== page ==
André Bartetzki, Gilles Gobeil and Thomas Schneider
André Bartetzki (l), Gilles Gobeil (m) and Thomas Schneider (r) setting up for Gobeil’s Castalie, commissioned by Inventionen for performance using the three available systems simultaneously: Wave Field Synthesis, KlangDom and the GRM’s Acousmonium. Photo © jef chippewa.
Hans Tutschku checking the Wave Field Synthesis system
Hans Tutschku checking the Wave Field Synthesis system during the rehearsal of Zwei Räume. Photo © Bildbändiger.


Kuhn solo
Kuhn solo. Kuhn trio. Photos © Martin Bédard.
Agostino Di Scipio, Untitled 2008
Agostino Di Scipio, Untitled 2008 (ecosystemic sound installation in abandoned or dismantled rooms). In Room 1, the acoustic signal resulting from a feedback loop created by one mic and two subwoofers is altered by the presence of visitors. Vibrations on various surfaces in the room — window, walls, doors — are captured by contact mics and are sent back into the system “as is” but delayed, and a transformed version is sent to loudspeakers in Room 2. The signal captured from mics in Room 2 is low-pass filtered and sent to the subwoofers, altering the feedback loop more. Commissioned by and premièred at the 2008 Inventionen festival (Berlin, July–August 2008). Photo © Roman Maerz. [See Owen Green’s article in this issue for a discussion of Di Scipio’s work.]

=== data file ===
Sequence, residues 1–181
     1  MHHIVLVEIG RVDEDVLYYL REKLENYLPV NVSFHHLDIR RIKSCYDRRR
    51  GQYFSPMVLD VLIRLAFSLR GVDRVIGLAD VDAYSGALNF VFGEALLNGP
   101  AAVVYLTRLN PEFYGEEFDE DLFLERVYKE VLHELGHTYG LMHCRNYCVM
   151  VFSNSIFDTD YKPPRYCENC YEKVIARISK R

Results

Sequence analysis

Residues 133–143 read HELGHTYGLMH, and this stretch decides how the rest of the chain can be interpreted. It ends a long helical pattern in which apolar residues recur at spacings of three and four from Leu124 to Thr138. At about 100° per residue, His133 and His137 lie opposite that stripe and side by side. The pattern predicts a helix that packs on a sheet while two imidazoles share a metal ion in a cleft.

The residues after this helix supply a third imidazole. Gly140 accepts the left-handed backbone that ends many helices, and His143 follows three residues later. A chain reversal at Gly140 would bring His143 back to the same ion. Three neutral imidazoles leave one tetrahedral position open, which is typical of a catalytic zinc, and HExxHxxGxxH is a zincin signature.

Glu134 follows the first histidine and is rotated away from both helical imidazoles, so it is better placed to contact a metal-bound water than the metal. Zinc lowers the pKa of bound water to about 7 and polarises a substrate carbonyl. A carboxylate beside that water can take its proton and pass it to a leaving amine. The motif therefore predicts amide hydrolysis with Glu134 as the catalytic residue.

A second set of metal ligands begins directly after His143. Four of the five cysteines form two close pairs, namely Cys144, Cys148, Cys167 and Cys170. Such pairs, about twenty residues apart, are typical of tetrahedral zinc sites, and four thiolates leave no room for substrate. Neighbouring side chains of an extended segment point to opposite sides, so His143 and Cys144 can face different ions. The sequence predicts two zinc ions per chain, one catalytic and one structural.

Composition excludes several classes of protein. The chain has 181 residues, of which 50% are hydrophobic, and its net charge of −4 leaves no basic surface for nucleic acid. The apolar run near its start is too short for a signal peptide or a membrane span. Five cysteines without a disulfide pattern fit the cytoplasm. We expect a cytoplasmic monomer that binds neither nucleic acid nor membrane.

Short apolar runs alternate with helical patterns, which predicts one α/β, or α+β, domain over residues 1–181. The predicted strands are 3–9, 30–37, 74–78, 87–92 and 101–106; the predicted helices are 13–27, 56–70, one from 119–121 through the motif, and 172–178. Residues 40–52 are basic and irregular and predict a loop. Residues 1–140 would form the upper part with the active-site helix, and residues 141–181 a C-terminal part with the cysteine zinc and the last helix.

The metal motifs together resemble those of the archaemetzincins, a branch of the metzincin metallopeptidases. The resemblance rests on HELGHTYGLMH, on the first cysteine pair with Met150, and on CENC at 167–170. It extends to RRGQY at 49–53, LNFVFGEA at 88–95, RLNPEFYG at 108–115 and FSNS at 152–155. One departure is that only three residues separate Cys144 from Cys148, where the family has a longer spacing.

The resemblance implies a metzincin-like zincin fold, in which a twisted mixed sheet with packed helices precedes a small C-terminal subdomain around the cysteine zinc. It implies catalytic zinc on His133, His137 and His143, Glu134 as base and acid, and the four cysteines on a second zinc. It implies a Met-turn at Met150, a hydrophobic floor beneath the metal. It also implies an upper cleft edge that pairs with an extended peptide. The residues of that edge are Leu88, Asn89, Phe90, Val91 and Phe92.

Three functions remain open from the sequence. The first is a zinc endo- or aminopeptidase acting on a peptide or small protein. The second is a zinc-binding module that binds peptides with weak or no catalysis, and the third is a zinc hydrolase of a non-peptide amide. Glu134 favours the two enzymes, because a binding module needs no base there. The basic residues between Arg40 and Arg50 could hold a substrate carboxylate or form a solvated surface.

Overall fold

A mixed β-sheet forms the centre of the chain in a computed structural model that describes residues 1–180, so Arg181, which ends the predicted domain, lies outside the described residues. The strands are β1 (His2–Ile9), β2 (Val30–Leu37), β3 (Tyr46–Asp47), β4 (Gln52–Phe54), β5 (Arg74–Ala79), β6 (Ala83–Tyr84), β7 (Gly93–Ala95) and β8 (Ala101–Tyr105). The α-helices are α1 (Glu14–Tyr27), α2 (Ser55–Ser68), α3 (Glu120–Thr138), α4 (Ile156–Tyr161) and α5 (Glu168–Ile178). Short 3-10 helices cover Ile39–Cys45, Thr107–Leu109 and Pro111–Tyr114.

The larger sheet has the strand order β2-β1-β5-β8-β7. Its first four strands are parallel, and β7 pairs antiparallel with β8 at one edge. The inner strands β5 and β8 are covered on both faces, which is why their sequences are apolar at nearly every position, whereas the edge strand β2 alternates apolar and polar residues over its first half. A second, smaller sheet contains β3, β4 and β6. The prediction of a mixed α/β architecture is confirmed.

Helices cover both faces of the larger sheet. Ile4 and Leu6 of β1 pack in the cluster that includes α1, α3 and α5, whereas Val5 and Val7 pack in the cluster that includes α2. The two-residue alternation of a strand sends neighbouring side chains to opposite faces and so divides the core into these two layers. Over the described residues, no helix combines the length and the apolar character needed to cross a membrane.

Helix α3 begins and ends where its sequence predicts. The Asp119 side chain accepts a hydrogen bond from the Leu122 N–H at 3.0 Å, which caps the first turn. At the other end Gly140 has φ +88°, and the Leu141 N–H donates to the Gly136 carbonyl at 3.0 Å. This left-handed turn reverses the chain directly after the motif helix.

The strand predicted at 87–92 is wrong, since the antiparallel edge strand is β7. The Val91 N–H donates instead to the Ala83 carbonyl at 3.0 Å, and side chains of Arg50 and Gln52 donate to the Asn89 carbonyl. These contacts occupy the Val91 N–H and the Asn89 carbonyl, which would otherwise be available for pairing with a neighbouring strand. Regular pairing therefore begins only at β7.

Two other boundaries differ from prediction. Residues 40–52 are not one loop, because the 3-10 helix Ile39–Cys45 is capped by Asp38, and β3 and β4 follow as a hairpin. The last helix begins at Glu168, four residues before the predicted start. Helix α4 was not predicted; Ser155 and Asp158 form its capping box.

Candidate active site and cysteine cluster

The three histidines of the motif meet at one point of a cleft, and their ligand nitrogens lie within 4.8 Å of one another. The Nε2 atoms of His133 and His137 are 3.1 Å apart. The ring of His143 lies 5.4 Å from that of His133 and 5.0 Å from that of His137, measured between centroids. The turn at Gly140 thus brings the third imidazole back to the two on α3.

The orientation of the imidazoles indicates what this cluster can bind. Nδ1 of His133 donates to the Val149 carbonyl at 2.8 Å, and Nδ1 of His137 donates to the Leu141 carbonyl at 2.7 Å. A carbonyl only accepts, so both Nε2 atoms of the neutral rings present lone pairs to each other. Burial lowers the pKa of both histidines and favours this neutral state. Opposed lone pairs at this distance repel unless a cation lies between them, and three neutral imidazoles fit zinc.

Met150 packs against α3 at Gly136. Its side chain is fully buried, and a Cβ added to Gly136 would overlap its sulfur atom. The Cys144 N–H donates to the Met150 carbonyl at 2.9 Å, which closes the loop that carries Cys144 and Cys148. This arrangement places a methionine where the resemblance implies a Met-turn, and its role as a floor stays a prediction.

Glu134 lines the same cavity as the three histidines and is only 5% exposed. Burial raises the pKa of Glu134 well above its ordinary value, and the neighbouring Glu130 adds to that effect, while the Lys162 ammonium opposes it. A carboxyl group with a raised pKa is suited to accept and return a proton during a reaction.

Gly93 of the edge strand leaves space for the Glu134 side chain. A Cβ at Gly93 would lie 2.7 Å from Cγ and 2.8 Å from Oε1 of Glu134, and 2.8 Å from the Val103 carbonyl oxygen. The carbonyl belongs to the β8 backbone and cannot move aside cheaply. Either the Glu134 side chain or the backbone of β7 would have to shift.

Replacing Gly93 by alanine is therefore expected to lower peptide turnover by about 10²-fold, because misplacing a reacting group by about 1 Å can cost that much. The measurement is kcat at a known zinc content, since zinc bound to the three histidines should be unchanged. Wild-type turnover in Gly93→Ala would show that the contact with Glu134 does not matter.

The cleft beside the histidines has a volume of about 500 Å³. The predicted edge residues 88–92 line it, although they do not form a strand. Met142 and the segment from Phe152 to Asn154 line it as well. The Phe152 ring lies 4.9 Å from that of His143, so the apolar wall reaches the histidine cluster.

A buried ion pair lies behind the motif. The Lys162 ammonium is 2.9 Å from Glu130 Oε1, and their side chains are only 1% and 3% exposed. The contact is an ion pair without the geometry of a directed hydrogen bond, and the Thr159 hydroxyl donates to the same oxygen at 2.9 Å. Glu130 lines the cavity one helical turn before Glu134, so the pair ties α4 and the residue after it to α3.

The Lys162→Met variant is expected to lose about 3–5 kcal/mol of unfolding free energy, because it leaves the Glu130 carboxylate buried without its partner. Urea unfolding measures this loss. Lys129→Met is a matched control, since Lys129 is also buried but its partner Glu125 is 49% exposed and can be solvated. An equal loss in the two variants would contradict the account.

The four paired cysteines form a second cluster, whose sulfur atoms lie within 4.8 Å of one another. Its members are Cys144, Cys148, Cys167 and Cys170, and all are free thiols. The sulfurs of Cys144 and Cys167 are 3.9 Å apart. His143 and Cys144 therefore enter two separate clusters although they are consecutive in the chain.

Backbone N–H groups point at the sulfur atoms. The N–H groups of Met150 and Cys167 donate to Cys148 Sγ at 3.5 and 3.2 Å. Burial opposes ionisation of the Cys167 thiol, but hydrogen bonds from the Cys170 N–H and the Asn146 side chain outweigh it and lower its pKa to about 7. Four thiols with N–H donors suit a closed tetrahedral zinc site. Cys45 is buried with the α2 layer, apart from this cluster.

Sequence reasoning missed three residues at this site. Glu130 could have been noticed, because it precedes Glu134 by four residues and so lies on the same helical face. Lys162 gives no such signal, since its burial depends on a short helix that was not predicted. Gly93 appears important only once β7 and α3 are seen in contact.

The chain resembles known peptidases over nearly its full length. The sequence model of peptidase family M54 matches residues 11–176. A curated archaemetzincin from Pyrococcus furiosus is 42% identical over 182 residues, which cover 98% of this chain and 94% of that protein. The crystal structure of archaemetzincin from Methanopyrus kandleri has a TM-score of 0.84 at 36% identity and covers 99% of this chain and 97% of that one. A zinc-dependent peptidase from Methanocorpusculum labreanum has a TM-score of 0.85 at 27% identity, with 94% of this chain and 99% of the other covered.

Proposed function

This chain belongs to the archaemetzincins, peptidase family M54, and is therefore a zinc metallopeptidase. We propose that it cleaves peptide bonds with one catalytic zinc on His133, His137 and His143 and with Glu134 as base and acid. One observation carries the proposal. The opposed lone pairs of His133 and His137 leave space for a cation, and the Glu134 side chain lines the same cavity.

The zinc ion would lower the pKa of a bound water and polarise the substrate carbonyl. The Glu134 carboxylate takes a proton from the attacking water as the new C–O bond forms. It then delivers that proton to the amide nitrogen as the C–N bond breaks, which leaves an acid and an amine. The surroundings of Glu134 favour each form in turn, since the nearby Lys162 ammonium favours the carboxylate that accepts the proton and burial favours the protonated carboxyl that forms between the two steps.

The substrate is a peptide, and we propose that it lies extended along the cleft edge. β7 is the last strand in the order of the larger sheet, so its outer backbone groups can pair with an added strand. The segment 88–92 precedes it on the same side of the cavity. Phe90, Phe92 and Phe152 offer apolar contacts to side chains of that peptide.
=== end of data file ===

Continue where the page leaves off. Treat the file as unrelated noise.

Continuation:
Hans Peter Kuhn — undefined landscape 2
Hans Peter Kuhn — undefined landscape 2 (2008), sound and light installation [speakers, electronics, carpet and lights]. Upstairs in the Villa Elisabeth, delicate sounds emanated from the numerous speakers spread around the floor. The best place to listen seemed to be lying on the floor, where you could follow the points where delicate percussive sounds appeared, or simulated movement as different point-sources faded in and out. Photos © Roman Maerz (top) and Martin Bédard (bottom).

Spatialisation Systems